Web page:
The Planet Fitness Myth
We’re stuck in an emotionally devoid rut. And Planet Fitness isn’t helping.
I am all for showering my fellow humans with compassion and empathy. Treat others as you’d like to be treated isn’t a bad way to go about doing things.
However, taking politics out of the conversation1, it’s a safe observation to note we live in an era where we have a proclivity to shield people from “bad” feelings or from experiencing failure or hardship.
Social media plays into it. I mean, everyone on Facebook and Instagram lives in a world of butterfly kisses and rainbows (and delicious looking entrees), and it’s hard not to compare and feel up to snuff amongst everyone else’s hunky-doriness.
Society, in general, plays a massive role too. All we need to do is look towards the idea of participation trophies and “safe spaces” to note how we’re seemingly desensitizing people from a wider spectrum of feelings and uncomfortableness.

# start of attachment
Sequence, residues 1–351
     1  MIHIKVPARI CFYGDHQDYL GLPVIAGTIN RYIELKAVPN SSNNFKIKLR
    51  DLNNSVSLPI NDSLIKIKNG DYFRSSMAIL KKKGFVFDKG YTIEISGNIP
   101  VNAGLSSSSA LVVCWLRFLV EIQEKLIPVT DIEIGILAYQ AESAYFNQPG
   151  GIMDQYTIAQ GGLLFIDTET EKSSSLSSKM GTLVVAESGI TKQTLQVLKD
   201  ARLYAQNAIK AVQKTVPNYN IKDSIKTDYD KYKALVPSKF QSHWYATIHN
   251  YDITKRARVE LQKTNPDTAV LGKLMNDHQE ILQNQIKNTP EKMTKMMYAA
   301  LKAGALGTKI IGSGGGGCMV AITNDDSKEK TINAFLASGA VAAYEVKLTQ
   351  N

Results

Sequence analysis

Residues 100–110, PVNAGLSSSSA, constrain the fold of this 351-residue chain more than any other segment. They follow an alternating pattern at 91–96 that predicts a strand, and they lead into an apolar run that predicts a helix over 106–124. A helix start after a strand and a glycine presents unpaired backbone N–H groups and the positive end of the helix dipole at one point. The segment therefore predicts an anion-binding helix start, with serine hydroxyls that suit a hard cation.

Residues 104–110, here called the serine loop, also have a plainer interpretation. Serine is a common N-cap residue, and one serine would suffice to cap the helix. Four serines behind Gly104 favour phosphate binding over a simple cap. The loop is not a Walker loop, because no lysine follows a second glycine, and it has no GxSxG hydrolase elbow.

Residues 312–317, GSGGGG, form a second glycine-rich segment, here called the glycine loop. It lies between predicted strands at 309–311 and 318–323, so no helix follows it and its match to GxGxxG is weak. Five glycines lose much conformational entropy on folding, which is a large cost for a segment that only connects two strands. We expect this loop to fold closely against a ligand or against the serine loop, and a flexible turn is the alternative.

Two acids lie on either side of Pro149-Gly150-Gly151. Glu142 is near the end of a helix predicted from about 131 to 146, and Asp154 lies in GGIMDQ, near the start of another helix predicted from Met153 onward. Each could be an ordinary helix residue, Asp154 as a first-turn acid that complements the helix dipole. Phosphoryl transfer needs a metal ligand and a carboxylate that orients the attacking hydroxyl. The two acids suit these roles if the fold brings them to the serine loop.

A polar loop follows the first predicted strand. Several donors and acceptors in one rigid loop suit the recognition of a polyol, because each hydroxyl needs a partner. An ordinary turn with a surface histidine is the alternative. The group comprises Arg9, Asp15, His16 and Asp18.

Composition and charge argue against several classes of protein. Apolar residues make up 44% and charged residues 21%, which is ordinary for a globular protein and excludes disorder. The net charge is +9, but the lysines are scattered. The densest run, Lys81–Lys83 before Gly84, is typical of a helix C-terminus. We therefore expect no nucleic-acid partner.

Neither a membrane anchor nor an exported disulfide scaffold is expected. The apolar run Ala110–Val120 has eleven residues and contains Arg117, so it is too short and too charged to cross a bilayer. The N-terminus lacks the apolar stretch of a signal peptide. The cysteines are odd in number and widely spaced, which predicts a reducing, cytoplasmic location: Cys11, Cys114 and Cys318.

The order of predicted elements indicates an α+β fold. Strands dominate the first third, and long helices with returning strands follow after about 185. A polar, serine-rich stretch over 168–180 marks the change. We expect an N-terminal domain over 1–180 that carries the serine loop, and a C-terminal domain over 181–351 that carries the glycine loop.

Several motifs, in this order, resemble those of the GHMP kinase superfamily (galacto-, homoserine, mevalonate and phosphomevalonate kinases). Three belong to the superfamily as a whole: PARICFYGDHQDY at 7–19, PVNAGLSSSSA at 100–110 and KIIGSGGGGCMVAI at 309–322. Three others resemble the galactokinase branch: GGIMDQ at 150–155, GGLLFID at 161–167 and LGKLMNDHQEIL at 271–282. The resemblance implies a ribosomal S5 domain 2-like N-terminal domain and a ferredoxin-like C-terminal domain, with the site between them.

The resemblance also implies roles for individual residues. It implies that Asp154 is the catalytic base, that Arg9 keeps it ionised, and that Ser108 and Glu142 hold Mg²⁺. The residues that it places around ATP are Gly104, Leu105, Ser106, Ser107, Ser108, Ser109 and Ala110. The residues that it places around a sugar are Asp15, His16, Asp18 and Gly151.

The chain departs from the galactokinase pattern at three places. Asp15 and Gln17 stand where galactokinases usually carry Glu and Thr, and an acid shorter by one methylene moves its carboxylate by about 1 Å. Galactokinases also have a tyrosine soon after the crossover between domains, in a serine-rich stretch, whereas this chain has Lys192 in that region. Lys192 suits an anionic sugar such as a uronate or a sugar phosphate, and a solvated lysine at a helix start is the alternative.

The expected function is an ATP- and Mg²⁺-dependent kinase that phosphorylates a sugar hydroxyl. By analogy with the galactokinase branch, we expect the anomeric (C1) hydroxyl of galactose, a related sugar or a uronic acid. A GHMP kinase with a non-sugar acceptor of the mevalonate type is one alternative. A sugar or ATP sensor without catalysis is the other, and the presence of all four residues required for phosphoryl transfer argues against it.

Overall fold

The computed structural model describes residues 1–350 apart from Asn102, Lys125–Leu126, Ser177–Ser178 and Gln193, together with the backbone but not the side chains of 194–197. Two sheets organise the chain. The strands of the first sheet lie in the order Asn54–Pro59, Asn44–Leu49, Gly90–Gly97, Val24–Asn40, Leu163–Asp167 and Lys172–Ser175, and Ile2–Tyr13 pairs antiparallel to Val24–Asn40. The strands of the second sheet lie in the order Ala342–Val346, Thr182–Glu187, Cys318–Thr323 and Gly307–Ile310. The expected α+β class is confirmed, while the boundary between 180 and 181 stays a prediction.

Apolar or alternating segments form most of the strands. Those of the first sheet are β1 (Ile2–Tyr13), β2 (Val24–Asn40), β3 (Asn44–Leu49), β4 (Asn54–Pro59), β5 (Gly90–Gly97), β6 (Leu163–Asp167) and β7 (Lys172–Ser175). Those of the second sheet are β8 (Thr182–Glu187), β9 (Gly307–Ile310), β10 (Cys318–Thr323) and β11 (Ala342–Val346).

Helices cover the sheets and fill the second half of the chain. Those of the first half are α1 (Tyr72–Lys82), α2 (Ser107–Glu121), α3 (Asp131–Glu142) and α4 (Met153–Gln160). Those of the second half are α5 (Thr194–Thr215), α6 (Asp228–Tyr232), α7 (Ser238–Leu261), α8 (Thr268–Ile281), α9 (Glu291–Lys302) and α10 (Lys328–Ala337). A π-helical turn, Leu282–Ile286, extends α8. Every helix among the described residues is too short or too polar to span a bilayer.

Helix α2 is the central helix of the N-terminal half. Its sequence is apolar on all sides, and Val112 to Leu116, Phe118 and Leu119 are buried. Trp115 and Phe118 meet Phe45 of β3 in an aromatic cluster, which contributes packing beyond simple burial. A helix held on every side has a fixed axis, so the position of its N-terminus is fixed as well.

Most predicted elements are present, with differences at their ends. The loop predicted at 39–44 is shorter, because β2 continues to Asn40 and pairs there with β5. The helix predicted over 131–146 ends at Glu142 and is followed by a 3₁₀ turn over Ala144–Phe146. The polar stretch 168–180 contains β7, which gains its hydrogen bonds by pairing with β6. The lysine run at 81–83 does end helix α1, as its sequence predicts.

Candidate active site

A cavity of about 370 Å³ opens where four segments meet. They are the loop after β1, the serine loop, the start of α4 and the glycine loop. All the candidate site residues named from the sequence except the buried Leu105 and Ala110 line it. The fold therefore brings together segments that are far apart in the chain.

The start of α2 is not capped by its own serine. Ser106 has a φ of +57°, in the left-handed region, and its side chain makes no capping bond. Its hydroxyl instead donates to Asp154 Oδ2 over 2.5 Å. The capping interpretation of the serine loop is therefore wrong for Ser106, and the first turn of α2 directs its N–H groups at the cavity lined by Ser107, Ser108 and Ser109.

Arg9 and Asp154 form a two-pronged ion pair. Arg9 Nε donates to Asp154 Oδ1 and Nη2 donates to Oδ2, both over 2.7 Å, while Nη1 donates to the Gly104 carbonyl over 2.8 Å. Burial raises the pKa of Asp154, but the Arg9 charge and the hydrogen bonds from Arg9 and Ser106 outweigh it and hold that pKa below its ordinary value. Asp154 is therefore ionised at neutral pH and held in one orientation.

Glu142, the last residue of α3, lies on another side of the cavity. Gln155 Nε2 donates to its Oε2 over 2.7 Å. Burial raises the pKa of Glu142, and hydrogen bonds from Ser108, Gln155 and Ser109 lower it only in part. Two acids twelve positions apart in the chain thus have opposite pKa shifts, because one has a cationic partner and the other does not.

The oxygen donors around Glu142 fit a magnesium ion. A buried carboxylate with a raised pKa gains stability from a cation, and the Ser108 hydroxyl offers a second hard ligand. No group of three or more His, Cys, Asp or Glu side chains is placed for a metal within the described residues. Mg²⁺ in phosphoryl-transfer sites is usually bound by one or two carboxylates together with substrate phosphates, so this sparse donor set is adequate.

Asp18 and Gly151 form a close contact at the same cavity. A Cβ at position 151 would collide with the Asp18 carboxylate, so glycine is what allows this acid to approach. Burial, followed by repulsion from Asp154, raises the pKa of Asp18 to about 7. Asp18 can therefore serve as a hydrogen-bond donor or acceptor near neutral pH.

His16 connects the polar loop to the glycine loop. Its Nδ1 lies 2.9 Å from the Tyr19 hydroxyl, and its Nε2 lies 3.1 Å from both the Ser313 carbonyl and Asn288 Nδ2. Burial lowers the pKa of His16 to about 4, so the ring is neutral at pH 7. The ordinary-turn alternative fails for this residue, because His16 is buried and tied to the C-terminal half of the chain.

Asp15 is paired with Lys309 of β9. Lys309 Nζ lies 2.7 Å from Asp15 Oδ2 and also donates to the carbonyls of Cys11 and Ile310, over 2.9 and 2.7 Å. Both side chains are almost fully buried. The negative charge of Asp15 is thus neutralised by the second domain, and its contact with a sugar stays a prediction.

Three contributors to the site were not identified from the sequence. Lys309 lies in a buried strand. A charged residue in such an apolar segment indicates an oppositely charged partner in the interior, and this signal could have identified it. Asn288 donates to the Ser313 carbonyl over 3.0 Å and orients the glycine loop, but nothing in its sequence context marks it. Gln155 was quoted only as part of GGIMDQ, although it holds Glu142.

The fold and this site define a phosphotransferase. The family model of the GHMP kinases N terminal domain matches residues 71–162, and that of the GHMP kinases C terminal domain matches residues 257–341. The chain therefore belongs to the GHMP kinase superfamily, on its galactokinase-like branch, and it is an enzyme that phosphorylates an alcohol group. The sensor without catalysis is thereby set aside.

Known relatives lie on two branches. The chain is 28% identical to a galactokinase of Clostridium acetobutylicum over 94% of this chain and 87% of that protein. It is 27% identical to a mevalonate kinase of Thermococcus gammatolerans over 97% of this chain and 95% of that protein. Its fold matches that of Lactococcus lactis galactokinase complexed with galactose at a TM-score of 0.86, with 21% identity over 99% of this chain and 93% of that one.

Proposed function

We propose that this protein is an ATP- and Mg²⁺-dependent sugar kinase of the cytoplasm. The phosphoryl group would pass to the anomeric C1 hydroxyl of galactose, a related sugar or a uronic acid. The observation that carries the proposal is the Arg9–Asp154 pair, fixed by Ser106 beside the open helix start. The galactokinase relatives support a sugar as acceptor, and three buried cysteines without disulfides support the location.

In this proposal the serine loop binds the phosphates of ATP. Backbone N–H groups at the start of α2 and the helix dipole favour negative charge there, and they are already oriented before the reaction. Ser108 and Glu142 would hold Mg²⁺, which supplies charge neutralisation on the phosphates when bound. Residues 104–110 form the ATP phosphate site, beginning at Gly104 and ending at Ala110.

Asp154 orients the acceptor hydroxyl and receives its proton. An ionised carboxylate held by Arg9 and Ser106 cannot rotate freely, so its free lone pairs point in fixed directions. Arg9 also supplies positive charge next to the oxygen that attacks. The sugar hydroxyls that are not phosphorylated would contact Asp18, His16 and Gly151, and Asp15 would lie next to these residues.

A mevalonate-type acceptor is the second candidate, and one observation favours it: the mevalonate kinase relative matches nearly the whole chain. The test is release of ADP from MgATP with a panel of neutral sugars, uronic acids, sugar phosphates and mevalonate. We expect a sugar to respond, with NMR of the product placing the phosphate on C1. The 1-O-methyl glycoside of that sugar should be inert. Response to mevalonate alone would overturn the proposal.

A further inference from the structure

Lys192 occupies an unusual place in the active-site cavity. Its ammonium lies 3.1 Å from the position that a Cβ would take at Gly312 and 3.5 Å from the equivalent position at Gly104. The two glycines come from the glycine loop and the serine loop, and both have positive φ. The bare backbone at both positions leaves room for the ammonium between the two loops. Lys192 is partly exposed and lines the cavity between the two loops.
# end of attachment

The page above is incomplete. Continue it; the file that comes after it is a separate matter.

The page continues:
NOTE: I’d highly recommend checking out the Pixar movie Inside Out. The whole vibe of the movie is to demonstrate that feeling sad or angry or scared is okay…and that it’s a normal, nay, a necessary component of growth.
In today’s guest post by Texas-based personal trainer, Shane McLean, he does a brief “deep dive” into the phenomenon of Planet Fitness and how it mirrors much of the sentiment above.
I.e., shielding people from failure and uncomfortable situations. Is it really helping?
Don’t worry, it’s not an anti-Planet Fitness diatribe. There’s no need to preach to the choir here. However, bringing the (albeit slight) nefarious side of why Planet Fitness even exists is something I find very interesting and something worth discussing.
The Planet Fitness Myth